Celia Pym Lets Her Craft Get Ugly and Crude–and Meaningful

THE DAILY PIC: In the Chamber show of the Loewe Foundation Craft Prize, Pym's needlework gives CPR to a dead sweater.

THE DAILY PIC (#1803): This is my favorite work in the show of nominees for the Loewe Foundation Craft Prize, on view for a few more days at Chamber gallery in New York. The British artist Celia Pym has taken a decrepit old Norwegian sweater and darned it back into useable shape. It escapes the tired old idea that craft has to be about fancily made fancy things, which still governs a shocking number of objects in the Loewe show. Pym’s darning is indeed done by hand, so it speaks to the craft tradition, but it is more about function and meaning and feeling than technique.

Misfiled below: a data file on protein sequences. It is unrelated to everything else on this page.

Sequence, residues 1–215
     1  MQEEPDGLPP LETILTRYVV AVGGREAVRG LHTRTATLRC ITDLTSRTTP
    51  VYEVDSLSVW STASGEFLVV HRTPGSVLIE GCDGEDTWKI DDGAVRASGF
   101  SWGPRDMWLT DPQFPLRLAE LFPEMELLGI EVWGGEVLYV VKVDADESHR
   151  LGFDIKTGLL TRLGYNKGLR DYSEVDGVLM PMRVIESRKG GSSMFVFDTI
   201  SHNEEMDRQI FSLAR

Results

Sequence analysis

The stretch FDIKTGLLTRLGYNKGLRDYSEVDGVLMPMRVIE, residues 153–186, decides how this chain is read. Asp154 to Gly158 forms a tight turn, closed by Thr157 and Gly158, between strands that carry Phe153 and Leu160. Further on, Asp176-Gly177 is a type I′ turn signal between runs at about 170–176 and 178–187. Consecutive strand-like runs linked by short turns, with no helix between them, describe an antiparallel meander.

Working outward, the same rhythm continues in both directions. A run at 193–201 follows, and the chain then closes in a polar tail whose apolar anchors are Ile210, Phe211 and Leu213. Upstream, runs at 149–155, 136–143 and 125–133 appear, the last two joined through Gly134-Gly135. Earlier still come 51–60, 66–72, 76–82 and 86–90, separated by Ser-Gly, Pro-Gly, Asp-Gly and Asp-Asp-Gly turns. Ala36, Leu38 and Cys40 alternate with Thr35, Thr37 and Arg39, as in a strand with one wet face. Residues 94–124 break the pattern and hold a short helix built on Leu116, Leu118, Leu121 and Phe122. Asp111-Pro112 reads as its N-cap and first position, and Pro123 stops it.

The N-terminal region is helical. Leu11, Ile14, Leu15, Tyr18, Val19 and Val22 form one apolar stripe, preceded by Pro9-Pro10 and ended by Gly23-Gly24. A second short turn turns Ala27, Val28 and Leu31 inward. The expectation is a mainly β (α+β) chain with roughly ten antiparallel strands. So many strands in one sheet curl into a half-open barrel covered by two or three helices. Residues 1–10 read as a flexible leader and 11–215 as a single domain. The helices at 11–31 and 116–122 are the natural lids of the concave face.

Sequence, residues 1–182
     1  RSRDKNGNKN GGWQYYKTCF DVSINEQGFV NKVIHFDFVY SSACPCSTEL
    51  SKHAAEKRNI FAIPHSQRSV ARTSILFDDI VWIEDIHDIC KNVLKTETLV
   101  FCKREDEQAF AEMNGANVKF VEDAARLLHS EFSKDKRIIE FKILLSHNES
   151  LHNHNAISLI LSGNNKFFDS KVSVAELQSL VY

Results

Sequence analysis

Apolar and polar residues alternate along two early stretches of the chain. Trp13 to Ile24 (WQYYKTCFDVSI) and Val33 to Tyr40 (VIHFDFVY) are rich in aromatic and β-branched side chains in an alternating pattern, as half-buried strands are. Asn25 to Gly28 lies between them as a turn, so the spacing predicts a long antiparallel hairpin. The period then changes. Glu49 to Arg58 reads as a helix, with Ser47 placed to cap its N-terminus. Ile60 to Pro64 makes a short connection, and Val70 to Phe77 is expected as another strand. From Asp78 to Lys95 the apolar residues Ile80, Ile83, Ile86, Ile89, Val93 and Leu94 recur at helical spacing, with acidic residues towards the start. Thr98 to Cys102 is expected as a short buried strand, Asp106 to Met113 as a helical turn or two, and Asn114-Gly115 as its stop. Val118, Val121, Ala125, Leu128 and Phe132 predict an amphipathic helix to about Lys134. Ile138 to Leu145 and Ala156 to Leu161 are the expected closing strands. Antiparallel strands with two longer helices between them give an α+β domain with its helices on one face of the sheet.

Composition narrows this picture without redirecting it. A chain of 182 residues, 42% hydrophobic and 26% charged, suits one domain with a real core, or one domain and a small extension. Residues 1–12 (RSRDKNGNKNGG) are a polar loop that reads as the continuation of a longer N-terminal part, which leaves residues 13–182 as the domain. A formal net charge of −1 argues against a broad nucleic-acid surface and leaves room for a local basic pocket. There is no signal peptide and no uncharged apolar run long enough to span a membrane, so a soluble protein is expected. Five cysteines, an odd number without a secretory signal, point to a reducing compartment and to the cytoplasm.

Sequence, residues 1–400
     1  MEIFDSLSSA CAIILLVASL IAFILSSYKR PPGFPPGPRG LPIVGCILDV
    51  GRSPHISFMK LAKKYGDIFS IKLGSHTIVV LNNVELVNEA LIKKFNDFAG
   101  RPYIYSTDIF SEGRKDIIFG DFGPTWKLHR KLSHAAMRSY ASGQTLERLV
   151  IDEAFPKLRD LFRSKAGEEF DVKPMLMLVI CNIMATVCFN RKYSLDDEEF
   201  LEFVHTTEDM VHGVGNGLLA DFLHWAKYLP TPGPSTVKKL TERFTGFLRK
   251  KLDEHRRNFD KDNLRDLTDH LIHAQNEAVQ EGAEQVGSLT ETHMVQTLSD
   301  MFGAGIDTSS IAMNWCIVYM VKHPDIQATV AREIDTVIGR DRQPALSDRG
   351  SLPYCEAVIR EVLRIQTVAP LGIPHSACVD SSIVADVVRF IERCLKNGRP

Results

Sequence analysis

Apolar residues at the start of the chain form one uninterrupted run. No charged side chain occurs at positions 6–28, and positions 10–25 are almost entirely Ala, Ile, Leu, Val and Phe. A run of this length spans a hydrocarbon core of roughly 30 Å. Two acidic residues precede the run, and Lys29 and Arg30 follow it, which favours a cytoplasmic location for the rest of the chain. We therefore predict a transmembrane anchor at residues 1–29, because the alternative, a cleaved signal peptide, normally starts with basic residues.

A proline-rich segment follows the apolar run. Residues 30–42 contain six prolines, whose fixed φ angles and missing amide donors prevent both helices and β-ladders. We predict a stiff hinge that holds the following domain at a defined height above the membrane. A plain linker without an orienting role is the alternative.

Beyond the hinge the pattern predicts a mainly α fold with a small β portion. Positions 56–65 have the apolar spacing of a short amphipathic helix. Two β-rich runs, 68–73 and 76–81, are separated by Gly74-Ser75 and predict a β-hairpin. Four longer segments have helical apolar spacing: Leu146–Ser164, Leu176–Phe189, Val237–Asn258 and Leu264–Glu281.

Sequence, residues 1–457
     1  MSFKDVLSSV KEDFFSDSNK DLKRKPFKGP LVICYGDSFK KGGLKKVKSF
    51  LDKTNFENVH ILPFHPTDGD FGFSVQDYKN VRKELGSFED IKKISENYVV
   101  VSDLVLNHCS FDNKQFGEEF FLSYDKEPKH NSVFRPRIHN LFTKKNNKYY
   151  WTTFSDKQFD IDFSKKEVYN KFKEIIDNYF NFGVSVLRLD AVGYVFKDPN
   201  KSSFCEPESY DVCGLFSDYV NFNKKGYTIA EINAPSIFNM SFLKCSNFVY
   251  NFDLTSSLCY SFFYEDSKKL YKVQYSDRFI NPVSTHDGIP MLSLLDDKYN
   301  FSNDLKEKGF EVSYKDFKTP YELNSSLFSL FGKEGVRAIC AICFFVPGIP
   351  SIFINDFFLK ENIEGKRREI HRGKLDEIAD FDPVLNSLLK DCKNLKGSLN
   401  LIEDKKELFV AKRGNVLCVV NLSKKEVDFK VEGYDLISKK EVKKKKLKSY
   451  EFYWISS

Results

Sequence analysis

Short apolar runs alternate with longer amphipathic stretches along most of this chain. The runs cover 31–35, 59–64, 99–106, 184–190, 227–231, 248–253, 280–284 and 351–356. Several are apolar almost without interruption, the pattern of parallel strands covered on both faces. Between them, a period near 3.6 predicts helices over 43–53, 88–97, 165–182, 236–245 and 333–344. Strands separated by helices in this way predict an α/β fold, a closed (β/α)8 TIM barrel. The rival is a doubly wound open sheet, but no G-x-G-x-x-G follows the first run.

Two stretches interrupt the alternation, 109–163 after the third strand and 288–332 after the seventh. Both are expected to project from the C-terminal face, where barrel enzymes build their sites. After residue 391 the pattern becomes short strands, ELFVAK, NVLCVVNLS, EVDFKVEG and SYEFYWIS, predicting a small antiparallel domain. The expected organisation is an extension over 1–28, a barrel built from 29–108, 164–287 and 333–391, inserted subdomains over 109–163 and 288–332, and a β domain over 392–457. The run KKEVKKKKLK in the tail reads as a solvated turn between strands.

Another Loewe piece that escapes craft’s pitfalls (below): A ring by the Dane Kim Buck, who literally inflates a fine sheet of gold to ring shape, only to watch it to deflate around a wearer’s finger. Inflation, deflation and the gold standard: It’s a one-object lesson in economics. (Images courtesy Chamber, New York, and the Loewe Foundation)

For a full survey of past Daily Pics visit blakegopnik.com/archive.


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